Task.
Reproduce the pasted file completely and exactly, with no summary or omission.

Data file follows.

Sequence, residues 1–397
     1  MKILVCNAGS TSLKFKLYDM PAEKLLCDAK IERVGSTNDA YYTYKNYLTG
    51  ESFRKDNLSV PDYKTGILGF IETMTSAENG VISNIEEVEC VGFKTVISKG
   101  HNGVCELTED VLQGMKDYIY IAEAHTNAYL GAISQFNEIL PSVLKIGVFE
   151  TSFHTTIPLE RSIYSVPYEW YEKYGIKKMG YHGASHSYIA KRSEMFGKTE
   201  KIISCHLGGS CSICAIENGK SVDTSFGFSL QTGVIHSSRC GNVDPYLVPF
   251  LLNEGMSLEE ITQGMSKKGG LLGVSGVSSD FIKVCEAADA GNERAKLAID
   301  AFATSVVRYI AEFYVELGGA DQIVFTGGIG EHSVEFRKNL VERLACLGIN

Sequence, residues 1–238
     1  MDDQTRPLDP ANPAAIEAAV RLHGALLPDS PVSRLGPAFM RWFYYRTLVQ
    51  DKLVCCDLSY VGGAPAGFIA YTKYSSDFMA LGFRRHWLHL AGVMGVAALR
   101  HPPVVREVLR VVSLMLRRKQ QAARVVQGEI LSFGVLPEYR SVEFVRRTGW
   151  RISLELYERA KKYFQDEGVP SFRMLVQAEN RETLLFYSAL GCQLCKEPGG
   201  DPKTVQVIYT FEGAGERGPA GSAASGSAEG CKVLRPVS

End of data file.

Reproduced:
Sequence, residues 1–397
     1  MKILVCNAGS TSLKFKLYDM PAEKLLCDAK IERVGSTNDA YYTYKNYLTG
    51  ESFRKDNLSV PDYKTGILGF IETMTSAENG VISNIEEVEC VGFKTVISKG
   101  HNGVCELTED VLQGMKDYIY IAEAHTNAYL GAISQFNEIL PSVLKIGVFE
   151  TSFHTTIPLE RSIYSVPYEW YEKYGIKKMG YHGASHSYIA KRSEMFGKTE
   201  KIISCHLGGS CSICAIENGK SVDTSFGFSL QTGVIHSSRC GNVDPYLVPF
   251  LLNEGMSLEE ITQGMSKKGG LLGVSGVSSD FIKVCEAADA GNERAKLAID
   301  AFATSVVRYI AEFYVELGGA DQIVFTGGIG EHSVEFRKNL VERLACLGIN

Sequence, residues 1–238
     1  MDDQTRPLDP ANPAAIEAAV RLHGALLPDS PVSRLGPAFM RWFYYRTLVQ
    51  DKLVCCDLSY VGGAPAGFIA YTKYSSDFMA LGFRRHWLHL AGVMGVAALR
   101  HPPVVREVLR VVSLMLRRKQ QAARVVQGEI LSFGVLPEYR SVEFVRRTGW
   151  RISLELYERA KKYFQDEGVP SFRMLVQAEN RETLLFYSAL GCQLCKEPGG
   201  DPKTVQVIYT FEGAGERGPA GSAASGSAEG CKVLRPVS